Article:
Very different messages were appeared to be sent by two signals about the strength of consumer spending in the United States.
While on one hand, the consumer spending figure reported Friday was quite weak, with the Bureau of Economic Analysis announcing that personal consumption declined quarter over quarter in its advance estimate of first-quarter economic growth, on the other hand, the consumer discretionary sector was the best-performing sector in April (and the second-best sector year to date).
Samuel Rines, senior economist and portfolio strategist at Avalon Advisors said that by separating the report’s real, inflation-adjusted consumer spending figure from companies’ earnings within the consumer discretionary sector, this seemingly crisscrossing message can be explained.
While companies report earnings on nominal sales — and retailers’ sales have improved year over year even as sentiment around the group is rather negative, Friday’s report showed the consumer slowed in inflation-adjusted terms, Rines told the media.
“The first quarter was not outstanding for retail sales in general, but the Census Bureau’s monthly retail sales report shows sales (without adjusting for inflation) gaining about 5 percent from a year ago,” Rines said.
According to Erin Gibbs, equity chief investment officer at S&P Global, earnings are indeed expected to pick up.
Gibbs said on Friday that as earnings are expected to improve for the sector, consumer discretionary stocks as a whole should see a “significant ramp up” throughout the rest of the year. Furthermore, for the month of April alone, from 20 times forward earnings to 20.6 forward earnings, there has been a rise in the sector’s valuations.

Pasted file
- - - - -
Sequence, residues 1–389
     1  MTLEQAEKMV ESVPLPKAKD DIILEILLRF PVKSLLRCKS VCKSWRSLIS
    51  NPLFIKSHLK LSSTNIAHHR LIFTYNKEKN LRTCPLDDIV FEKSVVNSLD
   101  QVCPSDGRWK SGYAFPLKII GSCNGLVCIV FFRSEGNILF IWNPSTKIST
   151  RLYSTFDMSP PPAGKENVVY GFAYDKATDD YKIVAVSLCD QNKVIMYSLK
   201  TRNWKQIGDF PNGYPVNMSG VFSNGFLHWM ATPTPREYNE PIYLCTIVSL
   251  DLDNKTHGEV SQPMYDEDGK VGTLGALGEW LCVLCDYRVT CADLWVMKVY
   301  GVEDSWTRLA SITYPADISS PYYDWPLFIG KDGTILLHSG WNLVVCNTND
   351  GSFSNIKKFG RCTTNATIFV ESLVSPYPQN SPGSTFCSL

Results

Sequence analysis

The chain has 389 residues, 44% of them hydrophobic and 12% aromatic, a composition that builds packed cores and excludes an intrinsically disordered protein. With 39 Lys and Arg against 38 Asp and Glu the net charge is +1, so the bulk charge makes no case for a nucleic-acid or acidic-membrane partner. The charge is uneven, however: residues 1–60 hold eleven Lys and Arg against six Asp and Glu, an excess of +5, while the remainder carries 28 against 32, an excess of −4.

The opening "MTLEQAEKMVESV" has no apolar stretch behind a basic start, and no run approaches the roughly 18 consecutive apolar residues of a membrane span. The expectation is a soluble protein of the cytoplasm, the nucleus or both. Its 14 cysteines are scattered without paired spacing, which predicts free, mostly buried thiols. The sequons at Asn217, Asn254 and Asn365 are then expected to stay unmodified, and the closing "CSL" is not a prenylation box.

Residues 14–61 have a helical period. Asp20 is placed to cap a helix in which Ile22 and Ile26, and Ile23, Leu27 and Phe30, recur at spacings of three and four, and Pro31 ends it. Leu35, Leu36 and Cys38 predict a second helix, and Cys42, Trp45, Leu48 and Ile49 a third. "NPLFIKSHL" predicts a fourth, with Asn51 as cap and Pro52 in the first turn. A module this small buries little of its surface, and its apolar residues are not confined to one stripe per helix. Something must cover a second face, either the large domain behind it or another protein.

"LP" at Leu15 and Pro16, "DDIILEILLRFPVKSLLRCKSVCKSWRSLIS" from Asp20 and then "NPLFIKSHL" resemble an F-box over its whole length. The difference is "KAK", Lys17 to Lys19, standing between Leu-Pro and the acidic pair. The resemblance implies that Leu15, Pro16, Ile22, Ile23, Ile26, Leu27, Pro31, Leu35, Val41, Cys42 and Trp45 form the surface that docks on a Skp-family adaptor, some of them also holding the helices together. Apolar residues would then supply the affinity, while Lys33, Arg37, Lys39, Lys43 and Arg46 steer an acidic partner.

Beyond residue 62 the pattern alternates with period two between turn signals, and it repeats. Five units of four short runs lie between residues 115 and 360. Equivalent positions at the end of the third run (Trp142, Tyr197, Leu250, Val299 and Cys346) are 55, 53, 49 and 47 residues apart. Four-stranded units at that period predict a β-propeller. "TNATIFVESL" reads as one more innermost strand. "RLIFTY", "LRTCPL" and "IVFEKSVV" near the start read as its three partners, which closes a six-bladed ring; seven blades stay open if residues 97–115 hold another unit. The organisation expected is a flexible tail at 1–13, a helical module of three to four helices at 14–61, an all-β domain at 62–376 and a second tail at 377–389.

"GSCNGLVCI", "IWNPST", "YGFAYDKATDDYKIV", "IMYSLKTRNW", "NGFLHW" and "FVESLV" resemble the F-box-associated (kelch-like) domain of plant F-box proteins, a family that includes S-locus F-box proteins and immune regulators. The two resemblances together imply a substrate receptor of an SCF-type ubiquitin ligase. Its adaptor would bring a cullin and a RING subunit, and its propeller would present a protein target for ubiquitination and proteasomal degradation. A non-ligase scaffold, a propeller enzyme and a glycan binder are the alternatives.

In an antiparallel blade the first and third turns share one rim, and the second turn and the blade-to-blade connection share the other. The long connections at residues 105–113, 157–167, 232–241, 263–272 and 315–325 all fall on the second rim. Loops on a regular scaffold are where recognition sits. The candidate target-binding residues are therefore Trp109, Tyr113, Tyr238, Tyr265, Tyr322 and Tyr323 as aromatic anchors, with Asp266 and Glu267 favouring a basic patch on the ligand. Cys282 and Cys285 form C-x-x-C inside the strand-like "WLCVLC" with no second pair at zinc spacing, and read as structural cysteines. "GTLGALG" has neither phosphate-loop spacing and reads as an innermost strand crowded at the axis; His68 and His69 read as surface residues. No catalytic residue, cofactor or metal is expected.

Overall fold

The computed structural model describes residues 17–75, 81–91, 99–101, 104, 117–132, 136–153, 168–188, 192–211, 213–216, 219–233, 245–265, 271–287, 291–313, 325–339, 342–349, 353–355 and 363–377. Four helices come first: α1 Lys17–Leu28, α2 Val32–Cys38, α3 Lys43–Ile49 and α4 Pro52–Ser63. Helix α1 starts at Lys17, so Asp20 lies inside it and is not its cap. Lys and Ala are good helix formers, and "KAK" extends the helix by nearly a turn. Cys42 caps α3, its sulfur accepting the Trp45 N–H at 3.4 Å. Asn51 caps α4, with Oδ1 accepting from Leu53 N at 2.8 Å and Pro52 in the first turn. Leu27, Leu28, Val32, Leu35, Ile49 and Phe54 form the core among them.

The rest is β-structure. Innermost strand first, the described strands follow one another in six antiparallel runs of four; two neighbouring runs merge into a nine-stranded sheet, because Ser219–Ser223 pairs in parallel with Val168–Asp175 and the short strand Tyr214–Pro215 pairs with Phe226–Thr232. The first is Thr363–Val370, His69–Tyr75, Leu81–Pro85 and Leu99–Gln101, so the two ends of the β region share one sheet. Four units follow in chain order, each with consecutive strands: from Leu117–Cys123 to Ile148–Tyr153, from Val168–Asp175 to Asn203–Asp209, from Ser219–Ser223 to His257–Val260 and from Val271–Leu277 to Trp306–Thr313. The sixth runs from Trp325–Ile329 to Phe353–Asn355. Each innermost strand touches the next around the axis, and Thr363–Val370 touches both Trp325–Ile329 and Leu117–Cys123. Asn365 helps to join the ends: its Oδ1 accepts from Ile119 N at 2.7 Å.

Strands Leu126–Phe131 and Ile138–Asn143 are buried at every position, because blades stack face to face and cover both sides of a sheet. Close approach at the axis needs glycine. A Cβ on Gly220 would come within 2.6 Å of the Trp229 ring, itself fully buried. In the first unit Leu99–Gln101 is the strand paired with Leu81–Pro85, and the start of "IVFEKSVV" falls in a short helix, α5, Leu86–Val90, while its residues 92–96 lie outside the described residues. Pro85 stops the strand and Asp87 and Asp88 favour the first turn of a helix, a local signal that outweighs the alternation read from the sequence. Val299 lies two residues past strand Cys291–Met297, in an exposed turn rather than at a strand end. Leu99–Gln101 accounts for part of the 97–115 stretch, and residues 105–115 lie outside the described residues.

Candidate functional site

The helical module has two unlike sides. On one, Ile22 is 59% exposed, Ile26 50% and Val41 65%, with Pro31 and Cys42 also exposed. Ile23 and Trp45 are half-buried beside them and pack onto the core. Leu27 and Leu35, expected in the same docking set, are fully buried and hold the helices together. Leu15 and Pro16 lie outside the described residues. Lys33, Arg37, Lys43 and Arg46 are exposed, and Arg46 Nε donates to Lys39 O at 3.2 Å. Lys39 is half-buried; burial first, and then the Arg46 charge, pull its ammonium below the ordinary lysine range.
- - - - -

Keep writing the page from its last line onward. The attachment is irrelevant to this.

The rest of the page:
“I see this as a sign of investors looking ahead and more promising return for later in 2017,” Gibbs said.
With online retail giant Amazon being the most prominent, a few stocks have had outsized effects on the sector this year, shows the data if digging is done one level deeper. Among other big contributors are Home Depot and Concast (parent company of NBCUniversal and CNBC).
Miller Tabak equity strategist Matt Maley noted that the sector could benefit from rising real wage growth.
“Real average hourly earnings have actually been coming down for the last two years, but in March they bounced nicely. If that bounce can continue, that should bode very well for consumer spending,” because they are highly correlated.
Reflection of the weakest paced growth in three years for the U.S. economy was reflected in the headline GDP figure released on Friday.
With a return to the trend in the second quarter of around 2 percent as inflation pressures abate, the first quarter’s reported consumption figure could rise to 0.5 percent as Rines said he expects a slight upward revision to that figure which was noted at 0.3 percent.
(Adapted from CNBC)